July 17, 2003
Statement of Senator Patrick Leahy
Free Trade Agreements with Chile and Singapore
Executive Business Meeting
July 17, 2003
We were scheduled today to hold a so-called "mock markup" of legislation proposed by the Bush Administration to implement Free Trade Agreements ("FTAs") between the United States and Chile and Singapore. Unfortunately, that process was short-circuited by the Administration's high-handed decision to transmit implementing legislation to Congress two days before this committee's scheduled debate, before responding to written questions from this committee's members. Indeed, the Administration's response to these questions - which we received only this morning - are now rather academic since, as the responses point out, "the implementing bill cannot be modified after its introduction."
The Administration apparently views this committee simply as an obstacle to be overcome as quickly as possible, and not as a source for possible improvements to its legislative proposals. As a result of the Administration's undue haste - and this committee's failure to begin consideration of these measures early enough to guarantee that we could have meaningful input - we were deprived of the opportunity to propose changes in the implementing legislation. Instead, the Chairman wants the committee to sign off on final passage of this implementing legislation today, only two days after its introduction.
The legislation that the Administration transmitted on Tuesday did not accommodate the serious concerns expressed by Senator Feinstein at Monday's hearing. The senior Senator from California eloquently expressed her strong objections to the inclusion of immigration provisions in these agreements. I share her concern that the United States Trade Representative should not be in the business of amending domestic immigration laws, as these treaties do. In addition, I agree with the objections raised in the letter Senators Feinstein, Graham, and Sessions sent yesterday to President Bush, which would enter in the Record.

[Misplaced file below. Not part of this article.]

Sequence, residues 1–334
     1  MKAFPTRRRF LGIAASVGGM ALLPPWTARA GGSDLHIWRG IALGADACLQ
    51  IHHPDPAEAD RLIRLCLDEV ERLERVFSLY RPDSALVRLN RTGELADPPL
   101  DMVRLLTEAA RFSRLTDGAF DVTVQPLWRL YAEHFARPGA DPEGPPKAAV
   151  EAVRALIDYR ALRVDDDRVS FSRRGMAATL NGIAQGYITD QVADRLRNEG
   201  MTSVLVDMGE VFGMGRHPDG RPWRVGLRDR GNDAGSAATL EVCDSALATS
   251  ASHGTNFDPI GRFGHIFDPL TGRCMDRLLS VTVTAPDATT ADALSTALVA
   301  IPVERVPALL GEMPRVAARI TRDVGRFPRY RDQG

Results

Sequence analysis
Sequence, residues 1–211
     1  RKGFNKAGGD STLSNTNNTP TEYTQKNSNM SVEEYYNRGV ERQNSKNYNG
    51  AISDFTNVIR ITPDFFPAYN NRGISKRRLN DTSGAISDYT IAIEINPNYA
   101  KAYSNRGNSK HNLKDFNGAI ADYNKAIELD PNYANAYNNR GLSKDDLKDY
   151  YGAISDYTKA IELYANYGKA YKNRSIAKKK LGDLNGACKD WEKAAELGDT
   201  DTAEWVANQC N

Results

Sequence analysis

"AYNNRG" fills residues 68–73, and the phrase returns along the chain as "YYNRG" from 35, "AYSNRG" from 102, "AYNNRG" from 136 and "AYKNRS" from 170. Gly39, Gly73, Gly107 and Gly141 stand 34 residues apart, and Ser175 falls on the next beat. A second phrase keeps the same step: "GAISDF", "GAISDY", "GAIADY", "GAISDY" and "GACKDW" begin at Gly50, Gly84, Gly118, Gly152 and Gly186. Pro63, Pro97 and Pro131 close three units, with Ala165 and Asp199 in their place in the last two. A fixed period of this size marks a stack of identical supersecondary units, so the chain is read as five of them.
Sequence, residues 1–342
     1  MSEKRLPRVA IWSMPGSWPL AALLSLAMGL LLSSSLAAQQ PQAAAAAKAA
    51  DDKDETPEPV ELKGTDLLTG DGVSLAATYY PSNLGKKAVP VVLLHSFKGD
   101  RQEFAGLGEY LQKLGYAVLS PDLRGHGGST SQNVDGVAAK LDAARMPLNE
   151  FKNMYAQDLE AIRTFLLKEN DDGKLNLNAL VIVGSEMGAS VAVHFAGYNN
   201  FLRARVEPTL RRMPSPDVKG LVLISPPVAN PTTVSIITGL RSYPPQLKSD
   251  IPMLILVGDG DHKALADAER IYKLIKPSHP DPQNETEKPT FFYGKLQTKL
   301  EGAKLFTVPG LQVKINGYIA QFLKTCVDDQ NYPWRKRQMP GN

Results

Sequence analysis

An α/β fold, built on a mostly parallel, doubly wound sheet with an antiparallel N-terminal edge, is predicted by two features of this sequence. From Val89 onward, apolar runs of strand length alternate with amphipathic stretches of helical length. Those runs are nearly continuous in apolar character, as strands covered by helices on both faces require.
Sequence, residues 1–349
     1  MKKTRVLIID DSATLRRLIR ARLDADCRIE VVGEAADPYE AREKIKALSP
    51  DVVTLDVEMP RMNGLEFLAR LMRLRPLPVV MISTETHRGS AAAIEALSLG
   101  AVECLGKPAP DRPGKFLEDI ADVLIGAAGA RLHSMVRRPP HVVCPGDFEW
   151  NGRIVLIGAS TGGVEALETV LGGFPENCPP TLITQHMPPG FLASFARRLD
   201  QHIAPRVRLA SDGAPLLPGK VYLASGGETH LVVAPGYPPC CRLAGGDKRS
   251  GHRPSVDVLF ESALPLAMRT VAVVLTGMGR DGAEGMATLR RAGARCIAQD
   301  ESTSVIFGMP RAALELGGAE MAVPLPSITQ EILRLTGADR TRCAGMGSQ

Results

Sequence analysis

The decision to include immigration provisions was not only unauthorized but also unnecessary to achieve the Administration's stated goals. Congress has already created the H-1B program, which allows foreign workers with specialized skills to work in the United States. That program was established after a lengthy process of public hearings, debate, and negotiation, and it has worked to help meet labor shortages and strengthen our economy. If the Administration feels that program needs to be changed, or a new visa category created, it should have sought to do so through the ordinary legislative process.
This matter is of particular concern because these agreements are widely viewed as the template for future trade agreements, many of which are being negotiated as we speak. I can only hope that the Administration has gotten the message from the House Judiciary Committee - which did manage to hold a "mock markup" that featured bipartisan criticisms of their proposals - and from the reservations expressed by Senators Feinstein and Graham on Monday that Congress does not intend to delegate its power over our immigration system to the executive branch.
I do not oppose these treaties as a whole. They contain important provisions covering intellectual property and the serious problem of international piracy, an issue that I continue to urge my colleagues in the Senate to address. The United States is the world's leading creator and exporter of intellectual property. But that also means we are the world's leading target for piracy of copyrighted works. New technology has made piracy cheap and easy, and everything from music to films, from books to software is susceptible to this kind of theft.
We have worked very hard on the Judiciary Committee, and in the Senate as a whole, to ensure that copyright holders have the tools they need to face the challenges of new technology. We must continue to respond to these challenges. One of the things we must do is augment international enforcement of intellectual property rights. People in Asia, in Eastern Europe, and elsewhere are stealing billions of dollars from American copyright holders by making illegal copies of American works. The fact that what is being stolen is not tangible should not undermine our conviction to end this wholesale theft
In addition, the agreements go a long way to harmonize the intellectual property laws of Singapore and Chile with those of the United States. This is important because intellectual property is increasingly an international business, one that needs an international approach to many of its problems. I look forward to working on these issues to ensure the continued vitality of the American intellectual property industries, and to facilitate the development of thriving industries in the countries with which we have free trade agreements. A healthy global environment for the development and marketing of intellectual property will redound to everyone's benefit, and as the world leader in the creation of that property, we should also be at the forefront of its sensible use and reasonable protection.
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